3. Is the OP's background sufficiently clear? Sometimes a fringe question is truly unanswerable because the OP has made up all sorts of vocabulary and refused to explain what it means - or because they seem to have redefined something fundamental without really explaining. Conversely, even if the question is really odd and is phrased in odd terms, I've sometimes felt, as an answerer, that the OP's perspective is clear enough that I can write an answer starting from their perspective.

  4. Is the OP acting within the expectations of the site? Fringe questions have a higher than usual tendency to come with moving goalposts, to get reposted over and over with inconsequential modification, or to result in endless dissatisfied comments from the OP on every answer they receive. These are moderation issues that are reasonable to respond to by disengaging, downvoting, close voting, or, for issues beyond the reach of such measures, by flagging.

It's worth being explicit about these more general aspects of quality since fringe questions often miss the mark of quality required by this site, but sometimes are close enough that the OP can fix them with a bit of guidance from comments judging the question against the site's expectation rather than against mathematical rigor. Importantly, I don't think that it is appropriate to use down votes or close votes simply because a question has misunderstood mathematics (even though I certainly understand the impulse to do so) - the purpose of questions is to provide a good foundation for an answer, not to communicate in mathematical rigor. Indeed, I think several of my favorite answers on this site come from questions which contain really bad mathematics, but which contain everything needed to write an answer.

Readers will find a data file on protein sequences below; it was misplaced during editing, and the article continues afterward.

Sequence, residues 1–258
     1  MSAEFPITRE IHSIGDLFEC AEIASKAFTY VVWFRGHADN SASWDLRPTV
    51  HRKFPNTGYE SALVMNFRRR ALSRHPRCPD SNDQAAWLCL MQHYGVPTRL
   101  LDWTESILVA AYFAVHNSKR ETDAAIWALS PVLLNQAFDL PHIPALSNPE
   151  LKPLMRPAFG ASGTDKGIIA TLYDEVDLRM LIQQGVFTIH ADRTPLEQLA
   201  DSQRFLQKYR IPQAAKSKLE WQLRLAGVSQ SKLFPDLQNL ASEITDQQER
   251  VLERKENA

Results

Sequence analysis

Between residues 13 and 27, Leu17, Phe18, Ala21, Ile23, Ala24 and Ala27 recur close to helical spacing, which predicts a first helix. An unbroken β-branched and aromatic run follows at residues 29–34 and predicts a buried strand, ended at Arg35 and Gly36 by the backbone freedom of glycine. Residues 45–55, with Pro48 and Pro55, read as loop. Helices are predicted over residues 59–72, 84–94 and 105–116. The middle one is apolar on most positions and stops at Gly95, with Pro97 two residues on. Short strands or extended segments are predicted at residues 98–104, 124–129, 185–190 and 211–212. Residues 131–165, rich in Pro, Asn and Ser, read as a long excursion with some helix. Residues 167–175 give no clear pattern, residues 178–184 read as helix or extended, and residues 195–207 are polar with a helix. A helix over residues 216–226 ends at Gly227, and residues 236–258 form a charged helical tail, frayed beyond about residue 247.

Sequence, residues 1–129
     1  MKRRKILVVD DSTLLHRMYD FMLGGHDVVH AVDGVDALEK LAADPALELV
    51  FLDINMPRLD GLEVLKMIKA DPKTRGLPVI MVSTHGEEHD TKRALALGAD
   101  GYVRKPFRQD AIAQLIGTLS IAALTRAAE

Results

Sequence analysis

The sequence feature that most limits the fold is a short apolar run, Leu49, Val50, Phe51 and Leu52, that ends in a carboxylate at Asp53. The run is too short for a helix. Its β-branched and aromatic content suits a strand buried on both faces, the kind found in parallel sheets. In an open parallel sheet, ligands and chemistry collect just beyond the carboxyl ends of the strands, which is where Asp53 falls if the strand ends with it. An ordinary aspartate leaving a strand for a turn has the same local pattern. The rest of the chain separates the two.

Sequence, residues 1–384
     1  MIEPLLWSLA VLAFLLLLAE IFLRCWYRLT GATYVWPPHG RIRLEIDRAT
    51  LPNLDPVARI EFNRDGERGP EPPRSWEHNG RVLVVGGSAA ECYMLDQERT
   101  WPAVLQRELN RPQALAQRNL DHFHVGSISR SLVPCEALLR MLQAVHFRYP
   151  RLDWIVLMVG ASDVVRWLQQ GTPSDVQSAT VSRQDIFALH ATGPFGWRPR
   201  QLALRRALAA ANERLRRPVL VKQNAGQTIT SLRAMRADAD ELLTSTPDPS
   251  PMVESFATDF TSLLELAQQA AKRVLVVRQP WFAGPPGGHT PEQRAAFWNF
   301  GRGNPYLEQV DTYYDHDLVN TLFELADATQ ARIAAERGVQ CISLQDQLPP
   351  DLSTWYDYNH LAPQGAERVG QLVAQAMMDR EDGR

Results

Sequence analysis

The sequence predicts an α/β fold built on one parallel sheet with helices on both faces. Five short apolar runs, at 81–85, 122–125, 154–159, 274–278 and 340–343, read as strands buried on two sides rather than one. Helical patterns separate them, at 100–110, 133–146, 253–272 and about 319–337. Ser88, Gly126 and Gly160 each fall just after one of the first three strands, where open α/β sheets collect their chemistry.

• $\begingroup$ I agree that these criteria suffice for most cases, but there is one case in which Asaf's approach is better in my opinion. Consider a Collatz crank who posts a 20 page poof of the conjecture after a header question asking "I can't possibly have solved an open problem so easily, so where is the mistake in my proof?" And suppose that all 20 pages comprise nothing but complicated case whacking, and many seem correct. This crank can repeat the process; even if someone spends a few hours to find the single error, he would just replace that bit with a couple more pages and post again... $\endgroup$ – user21820 Feb 12 '20 at 3:14